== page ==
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Tuesday, January 29, 2008

29th January

Peregrine Falcon: Two same sex birds circled above area 24, before one flew south-east and the other headed off west at 8.25am.
Siskin: A flock of about twenty birds fed in area 26, before flying off towards area 24.
Tawny Owl: One roosted in an ivy covered ash tree in area 29, it was located due to a mixed flock ot birds that were mobbing it.
Pied Wagtail: A pair were by the childrens boating lake.

Monday, January 28, 2008

28th January

Work is currently going on to extend and deepen the wetland area. To hopefully prevent it from leaking it is being lined with puddled clay. The existing area was not lined and has a slow leak. It also evaporates very quickly because of its shallow depth. Two Kingfisher banks have had new fronts put on them. The extension will allow members of the public to view some of the water from the gate by area 25. In the four years it has been there it has attracted Green Sandpiper, Jack Snipe, Common Snipe and Woodcock.

Kingfisher: A bird was seen flying across the lake and perching in a tree by the Holme.
Siskin: Possibly up to 6 birds present in area 24 and 26.
Redwing: Several birds were heard flying over in the early morning mist.
Ring-necked Parakeet: Two birds were seen around the park.
Great spotted Woodpecker: pairs were seen chasing each other in areas 1, 24 and 29, drumming was also heard and seen.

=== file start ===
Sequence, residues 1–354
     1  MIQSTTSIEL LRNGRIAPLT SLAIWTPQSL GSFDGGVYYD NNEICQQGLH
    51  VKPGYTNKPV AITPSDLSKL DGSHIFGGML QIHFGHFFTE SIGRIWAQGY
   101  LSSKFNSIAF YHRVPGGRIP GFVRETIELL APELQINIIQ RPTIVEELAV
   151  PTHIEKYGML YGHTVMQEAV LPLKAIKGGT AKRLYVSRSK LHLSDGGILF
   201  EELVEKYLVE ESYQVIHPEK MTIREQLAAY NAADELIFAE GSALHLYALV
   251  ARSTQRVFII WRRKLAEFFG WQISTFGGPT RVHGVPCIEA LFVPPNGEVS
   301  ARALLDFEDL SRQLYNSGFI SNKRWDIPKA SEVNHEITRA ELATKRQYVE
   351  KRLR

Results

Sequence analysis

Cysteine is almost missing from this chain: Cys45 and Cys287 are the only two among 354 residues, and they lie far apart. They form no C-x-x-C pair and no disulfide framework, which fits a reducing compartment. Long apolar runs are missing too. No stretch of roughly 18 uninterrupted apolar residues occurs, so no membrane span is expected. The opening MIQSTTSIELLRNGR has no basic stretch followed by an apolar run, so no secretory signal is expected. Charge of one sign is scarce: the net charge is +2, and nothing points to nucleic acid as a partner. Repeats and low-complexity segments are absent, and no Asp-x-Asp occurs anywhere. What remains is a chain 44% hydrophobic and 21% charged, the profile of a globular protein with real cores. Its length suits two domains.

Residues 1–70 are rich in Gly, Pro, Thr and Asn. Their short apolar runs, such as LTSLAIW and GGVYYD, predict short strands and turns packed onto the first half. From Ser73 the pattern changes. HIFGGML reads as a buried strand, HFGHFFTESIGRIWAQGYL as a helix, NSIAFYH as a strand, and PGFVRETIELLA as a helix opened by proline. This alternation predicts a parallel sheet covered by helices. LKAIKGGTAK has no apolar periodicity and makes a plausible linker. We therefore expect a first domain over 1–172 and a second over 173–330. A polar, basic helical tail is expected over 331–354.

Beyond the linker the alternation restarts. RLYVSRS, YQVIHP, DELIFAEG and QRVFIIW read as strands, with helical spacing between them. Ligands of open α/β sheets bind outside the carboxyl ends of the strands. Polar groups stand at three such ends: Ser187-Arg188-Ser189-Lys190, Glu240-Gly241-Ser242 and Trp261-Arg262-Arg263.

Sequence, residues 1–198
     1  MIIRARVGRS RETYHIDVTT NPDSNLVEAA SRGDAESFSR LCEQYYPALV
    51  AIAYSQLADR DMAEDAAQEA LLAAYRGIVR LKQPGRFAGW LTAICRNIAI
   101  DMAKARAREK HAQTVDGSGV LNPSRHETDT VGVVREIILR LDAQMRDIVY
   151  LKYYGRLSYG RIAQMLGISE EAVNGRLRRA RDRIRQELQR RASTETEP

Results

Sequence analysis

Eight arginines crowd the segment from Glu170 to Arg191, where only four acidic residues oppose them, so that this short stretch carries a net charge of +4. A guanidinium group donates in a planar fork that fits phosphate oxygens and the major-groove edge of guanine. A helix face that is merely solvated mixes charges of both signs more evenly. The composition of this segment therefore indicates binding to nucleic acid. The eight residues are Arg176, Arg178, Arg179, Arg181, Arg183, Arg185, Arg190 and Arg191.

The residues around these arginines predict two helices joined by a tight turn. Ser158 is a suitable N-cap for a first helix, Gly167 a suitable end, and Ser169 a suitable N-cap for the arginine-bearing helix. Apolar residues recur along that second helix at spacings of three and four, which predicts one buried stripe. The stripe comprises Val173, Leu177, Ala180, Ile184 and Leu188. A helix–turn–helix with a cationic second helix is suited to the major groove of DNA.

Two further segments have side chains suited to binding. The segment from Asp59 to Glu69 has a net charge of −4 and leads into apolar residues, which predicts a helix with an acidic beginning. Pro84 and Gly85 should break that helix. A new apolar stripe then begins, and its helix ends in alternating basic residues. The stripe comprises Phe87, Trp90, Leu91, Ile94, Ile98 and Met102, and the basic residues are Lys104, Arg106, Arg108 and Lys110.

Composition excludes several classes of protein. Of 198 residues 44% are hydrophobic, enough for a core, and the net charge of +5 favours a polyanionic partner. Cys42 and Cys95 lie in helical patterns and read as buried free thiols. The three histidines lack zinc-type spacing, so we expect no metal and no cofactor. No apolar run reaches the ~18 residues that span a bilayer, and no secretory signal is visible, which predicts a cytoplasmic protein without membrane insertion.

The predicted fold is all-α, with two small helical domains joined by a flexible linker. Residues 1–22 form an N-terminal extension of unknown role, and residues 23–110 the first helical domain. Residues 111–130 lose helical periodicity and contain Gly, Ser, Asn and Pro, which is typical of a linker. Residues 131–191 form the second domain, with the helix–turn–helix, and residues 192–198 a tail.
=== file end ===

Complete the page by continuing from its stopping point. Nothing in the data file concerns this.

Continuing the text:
Thursday, January 24, 2008

24th January

Kingfisher: A female was present in area 1 this afternoon.
Ring-necked Parakeet: 2 were feeding on the peanut feeder in area 29.
Black-headed Gull: Numbers have increased to around 300 birds. From now on it is worth checking them for our almost annual Mediterranean Gull, before they depart by mid March.

Wednesday, January 23, 2008

23rd January

I could not miss another visit to the Salthouse Snow Buntings, the also had a couple of Lapland Buntings with them.
White-crowned Sparrow; it was good to enjoy this bird with a very small group of birders.

Black Brant by Holkham Drive, note the large white neck collar.
Hawfinch Lynford Arboretum, this was one of up to six present this afternoon.

Just popped up to Norfolk for two days,to visit a friend who has difficulty getting to the coast as he dosen't drive. Acccording to the weather forecast there was to be a break in the bad weather. It is so much more enjoyable to spend time here during the week rather than with the hordes of other bird watchers at the weekends.
I visited Salthouse, Cley Village, Wells Harbour, Titchwell, Holkham Drive Warham Greens stopping off at Lynford Aboretum on the way home.

Wednesday, January 16, 2008

16th January

Little Owl: With the days warm sunshine we managed to track down the pair. It might be more difficult to find their offspring.
Sparrowhawk: The male was displaying above the Nature Centre, todays weather is the ideal time to see this species in the park. They should keep this up until April at least.
Long-tailed Tit: Pairs are now prospecting for nest sites.
Egyptian Goose: 18 birds are still present all around the lake, and have been displaying and selecting territories.

Sunday, January 13, 2008

13th January

Snow Buntings at Salthouse, several Lapland Buntings were amongst them.